WARNING: No minced words here. İ rake the muck of the 'other', the so-called open-minded side who's preference is to whine and distort reality. If still suckling mom's tit or warped by delusions of polıtıcally correct equality you WİLL be offended by such materıal. Welcome to Reality.

Eighteen months countdown

President Obama unequivocablly declared an end to OUR involvement in the Iraq mess. In issuing a withdrawal timetable the President declared:

"All the perplexities, confusion and distress in America rise...from downright ignorance of the nature of the coin, credit and circulation."
---John Adams

As separate as the five fingers

Atty General Eric Holder set off bells and sirens with his recent remarks concerning Americans' cowardice on race relations. Striking an astute balance between the trite NAACPesque unreachable brass ring---"we've achieved much but there's still a long road to haul"---Cornel West intellectual antagonism and the un-threatening house negro---Clarence Thomas---Mr Holder voiced what many not well-to-do blacks know as a reality and non-blacks relegate to yesteryear: social racism persists in America.

And why shouldn't the man speak thus? Because he's the first black U.S. Attorney General...because he's serving under the first black President...because he is obviously successful and articulate and, therefore, "not like the others"? If our Secretary of State can toss back beer and whiskey in Indiana---go Wabash!---and unequivocably propose to shoot down enemy aircraft then certainly Mr Holder has no cause to hold his tongue.

The racism he specifically pointed to concerns our willful segregation on social matters. While we work together and go to school together and pray together we still do not tend to play together, suggesting, perhaps, a preference to, as Booker T Washington lectured, remain as separate as the five fingers on a hand on all things social id est personal time, down time, recreation, weekends.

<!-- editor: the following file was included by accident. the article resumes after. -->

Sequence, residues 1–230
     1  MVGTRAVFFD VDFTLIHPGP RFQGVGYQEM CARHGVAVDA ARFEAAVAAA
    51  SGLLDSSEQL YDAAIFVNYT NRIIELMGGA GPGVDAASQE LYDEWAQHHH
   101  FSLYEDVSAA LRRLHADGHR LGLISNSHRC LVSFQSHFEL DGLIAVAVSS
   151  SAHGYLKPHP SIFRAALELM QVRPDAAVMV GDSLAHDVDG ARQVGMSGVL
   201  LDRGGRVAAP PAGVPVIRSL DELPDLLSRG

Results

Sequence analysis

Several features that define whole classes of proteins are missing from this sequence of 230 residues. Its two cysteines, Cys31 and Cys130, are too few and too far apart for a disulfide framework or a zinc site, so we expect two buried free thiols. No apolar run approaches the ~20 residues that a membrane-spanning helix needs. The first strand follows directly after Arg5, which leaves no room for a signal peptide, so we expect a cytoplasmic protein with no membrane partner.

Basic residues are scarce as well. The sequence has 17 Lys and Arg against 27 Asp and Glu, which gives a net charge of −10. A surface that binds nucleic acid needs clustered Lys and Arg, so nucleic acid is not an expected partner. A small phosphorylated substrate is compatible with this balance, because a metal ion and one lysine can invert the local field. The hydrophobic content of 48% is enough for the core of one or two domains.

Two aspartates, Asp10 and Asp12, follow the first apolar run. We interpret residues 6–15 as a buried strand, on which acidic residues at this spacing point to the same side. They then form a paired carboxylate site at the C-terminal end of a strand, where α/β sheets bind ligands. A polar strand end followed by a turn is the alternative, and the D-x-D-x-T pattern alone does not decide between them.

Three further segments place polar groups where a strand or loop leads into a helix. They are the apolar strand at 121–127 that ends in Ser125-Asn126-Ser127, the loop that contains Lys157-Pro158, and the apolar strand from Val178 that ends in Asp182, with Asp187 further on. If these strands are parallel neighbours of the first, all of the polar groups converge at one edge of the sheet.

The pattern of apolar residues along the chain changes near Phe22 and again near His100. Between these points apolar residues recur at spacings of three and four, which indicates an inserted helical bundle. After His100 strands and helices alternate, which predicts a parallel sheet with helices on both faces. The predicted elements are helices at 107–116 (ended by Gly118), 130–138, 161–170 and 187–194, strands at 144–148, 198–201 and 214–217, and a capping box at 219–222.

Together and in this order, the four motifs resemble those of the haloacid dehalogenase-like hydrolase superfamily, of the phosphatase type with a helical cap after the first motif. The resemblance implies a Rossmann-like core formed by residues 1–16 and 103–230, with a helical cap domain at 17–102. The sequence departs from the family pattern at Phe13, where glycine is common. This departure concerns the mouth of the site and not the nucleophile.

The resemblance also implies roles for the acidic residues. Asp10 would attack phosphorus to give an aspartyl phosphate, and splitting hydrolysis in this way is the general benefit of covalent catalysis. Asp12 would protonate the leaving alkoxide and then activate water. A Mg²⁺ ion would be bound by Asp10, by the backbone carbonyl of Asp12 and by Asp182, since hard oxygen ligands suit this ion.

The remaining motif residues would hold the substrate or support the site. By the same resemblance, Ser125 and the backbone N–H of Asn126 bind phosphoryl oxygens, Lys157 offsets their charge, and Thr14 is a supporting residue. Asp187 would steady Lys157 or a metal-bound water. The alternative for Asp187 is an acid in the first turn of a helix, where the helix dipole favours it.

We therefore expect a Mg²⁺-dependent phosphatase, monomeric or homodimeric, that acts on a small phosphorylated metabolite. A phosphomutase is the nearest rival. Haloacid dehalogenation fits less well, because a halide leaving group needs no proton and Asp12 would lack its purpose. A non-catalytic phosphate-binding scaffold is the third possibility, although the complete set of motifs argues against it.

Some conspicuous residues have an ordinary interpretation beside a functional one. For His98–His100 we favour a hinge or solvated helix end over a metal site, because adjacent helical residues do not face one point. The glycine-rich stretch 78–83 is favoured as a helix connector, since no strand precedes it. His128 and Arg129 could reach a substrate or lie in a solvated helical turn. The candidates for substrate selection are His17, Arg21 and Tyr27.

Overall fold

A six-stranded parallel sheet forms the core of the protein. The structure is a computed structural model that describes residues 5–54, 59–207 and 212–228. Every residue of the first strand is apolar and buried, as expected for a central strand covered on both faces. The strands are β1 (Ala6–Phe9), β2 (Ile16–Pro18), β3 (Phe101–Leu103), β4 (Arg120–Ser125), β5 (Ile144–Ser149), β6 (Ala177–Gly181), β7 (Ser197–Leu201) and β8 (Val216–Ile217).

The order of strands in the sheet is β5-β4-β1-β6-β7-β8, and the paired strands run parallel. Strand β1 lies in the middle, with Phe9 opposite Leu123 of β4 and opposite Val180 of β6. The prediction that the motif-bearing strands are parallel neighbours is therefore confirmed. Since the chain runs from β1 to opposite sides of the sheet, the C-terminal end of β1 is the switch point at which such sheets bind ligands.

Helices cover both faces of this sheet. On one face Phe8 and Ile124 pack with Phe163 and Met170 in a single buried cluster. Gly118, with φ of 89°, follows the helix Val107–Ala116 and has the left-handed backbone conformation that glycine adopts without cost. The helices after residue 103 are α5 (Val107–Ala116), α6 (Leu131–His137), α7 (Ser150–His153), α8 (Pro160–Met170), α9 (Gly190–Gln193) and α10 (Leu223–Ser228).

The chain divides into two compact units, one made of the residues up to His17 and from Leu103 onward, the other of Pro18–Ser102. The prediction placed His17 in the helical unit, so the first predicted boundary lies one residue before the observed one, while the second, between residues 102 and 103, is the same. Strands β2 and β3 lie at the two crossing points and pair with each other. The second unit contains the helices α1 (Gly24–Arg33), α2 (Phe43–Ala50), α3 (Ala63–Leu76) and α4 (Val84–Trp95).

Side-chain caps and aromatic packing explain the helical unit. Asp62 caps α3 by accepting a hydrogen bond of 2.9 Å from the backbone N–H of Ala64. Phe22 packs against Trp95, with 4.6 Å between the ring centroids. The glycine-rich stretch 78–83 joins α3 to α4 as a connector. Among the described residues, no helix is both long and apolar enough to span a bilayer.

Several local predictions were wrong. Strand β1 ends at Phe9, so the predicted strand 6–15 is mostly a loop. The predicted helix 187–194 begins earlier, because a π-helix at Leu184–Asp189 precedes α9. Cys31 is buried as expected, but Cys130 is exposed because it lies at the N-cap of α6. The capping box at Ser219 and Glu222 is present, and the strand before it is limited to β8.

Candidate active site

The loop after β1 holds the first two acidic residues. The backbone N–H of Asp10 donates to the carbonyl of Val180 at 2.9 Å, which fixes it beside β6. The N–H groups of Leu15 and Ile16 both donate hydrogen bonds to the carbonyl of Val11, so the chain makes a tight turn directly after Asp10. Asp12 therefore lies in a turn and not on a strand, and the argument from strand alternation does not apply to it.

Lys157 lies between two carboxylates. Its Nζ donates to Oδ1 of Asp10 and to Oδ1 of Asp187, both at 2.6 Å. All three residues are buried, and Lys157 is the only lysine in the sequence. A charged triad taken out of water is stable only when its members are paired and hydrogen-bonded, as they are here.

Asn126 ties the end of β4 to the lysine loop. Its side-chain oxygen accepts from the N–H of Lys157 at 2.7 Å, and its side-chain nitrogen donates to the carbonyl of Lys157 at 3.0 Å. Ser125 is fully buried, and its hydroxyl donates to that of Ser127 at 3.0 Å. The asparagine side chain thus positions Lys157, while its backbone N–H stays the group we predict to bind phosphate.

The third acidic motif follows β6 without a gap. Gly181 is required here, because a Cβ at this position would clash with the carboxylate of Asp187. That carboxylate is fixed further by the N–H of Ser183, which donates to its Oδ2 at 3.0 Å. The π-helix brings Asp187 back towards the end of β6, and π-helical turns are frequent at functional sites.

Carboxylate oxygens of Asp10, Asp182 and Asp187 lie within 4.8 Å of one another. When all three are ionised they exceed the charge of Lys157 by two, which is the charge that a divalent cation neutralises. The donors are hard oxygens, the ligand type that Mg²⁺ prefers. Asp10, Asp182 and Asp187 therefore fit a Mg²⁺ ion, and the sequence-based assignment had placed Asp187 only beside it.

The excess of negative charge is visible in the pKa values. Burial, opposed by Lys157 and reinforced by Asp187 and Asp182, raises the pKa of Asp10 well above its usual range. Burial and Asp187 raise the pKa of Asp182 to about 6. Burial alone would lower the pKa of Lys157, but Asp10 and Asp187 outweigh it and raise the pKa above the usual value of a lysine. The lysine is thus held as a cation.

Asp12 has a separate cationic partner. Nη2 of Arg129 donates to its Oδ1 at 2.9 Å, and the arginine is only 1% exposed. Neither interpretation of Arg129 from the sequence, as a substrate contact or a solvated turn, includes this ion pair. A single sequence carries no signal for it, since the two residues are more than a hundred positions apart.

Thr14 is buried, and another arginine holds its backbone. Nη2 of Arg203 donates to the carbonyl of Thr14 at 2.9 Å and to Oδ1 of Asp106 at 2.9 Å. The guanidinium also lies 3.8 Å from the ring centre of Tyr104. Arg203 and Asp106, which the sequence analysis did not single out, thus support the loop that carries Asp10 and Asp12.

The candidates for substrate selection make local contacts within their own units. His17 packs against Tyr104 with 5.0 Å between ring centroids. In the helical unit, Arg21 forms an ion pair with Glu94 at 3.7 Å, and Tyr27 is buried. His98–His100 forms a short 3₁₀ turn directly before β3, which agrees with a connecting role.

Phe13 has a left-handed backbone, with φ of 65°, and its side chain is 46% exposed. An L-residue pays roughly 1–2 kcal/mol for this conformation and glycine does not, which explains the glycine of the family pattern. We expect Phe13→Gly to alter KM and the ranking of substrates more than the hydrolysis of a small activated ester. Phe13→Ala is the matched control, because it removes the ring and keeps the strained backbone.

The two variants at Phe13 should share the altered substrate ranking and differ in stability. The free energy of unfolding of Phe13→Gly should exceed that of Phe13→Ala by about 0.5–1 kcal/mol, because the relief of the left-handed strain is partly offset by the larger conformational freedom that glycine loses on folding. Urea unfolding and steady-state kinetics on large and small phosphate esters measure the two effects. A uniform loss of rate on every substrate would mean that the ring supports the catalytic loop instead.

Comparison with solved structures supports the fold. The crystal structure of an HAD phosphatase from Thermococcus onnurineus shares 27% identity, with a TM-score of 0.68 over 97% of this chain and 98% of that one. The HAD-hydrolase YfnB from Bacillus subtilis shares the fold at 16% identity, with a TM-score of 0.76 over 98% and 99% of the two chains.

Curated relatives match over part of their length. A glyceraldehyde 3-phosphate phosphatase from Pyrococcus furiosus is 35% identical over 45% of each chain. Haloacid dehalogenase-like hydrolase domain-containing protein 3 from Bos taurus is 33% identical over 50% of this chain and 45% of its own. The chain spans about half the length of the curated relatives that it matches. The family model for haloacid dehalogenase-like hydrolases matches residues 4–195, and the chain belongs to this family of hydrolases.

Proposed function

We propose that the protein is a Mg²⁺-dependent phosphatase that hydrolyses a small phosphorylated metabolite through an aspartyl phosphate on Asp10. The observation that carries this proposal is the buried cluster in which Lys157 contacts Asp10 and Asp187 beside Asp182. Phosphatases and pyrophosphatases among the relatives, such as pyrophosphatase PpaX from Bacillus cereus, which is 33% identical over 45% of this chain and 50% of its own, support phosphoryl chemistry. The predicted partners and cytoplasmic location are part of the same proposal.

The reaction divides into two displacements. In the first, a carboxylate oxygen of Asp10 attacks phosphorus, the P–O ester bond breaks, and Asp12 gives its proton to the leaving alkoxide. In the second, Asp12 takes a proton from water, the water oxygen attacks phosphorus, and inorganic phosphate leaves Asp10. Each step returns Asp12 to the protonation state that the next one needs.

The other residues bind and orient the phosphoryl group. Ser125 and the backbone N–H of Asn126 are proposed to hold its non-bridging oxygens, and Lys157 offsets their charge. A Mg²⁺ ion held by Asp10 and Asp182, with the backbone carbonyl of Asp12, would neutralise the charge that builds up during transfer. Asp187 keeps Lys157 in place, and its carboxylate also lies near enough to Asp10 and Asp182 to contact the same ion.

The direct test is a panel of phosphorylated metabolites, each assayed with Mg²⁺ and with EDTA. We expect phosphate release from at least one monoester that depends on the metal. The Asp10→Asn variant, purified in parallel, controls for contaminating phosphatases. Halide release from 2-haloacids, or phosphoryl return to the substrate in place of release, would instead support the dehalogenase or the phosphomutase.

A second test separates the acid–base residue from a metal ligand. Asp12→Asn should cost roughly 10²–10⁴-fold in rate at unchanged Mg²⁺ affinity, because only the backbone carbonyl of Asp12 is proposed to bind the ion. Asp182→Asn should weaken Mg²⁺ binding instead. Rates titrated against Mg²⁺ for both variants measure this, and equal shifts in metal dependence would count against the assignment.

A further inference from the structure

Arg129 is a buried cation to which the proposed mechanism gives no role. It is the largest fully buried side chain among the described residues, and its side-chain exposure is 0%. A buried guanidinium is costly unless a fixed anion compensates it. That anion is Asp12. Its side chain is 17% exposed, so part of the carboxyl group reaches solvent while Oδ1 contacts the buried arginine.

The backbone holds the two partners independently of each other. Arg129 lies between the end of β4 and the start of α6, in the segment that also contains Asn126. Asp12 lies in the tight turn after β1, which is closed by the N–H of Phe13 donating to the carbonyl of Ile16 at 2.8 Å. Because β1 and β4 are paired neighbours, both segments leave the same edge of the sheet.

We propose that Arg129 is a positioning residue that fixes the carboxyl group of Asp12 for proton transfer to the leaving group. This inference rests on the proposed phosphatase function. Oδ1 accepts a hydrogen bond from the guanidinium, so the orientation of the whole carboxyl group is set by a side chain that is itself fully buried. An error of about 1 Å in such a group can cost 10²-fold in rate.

Americans making decisions to relocate themselves away from those they do not particularly care to be around is nothing revelatory. Freedom is mobility

To use a contemporary term, Americans are `clustering´ which is to say citizens are, if not visibly, unapologetically limiting their non-work hours to like-minded company. Last summer The Economist ("American Tribalism," June 21) wrote on the increasing clustering forming in the nation, referencing Bill Bishop's new book The Big Sort: Why the Clustering of Like-Minded America is Tearing us Apart.

To advance that people have the freedom to associate and live with whomever they choose is a moot point. It does not require a college course in sociology to know people like being close to people more like themselves. Usually they call each other friends. For Mr Bishop and The Economist, the silent and subtle adverse effects, rather, show themselves to be none too silent or subtle when it comes to social discourse meaning co-workers (outside of think tanks) of opposing politics or tastes mindfully limit their chit-chat to weather, children's fevers, parking fees, weather---maybe this is why I find most people boring as handsoap---lest they butt heads and resort to shouting at each other like the overpaid, overexposed narrow-minded pundits they soak up from television.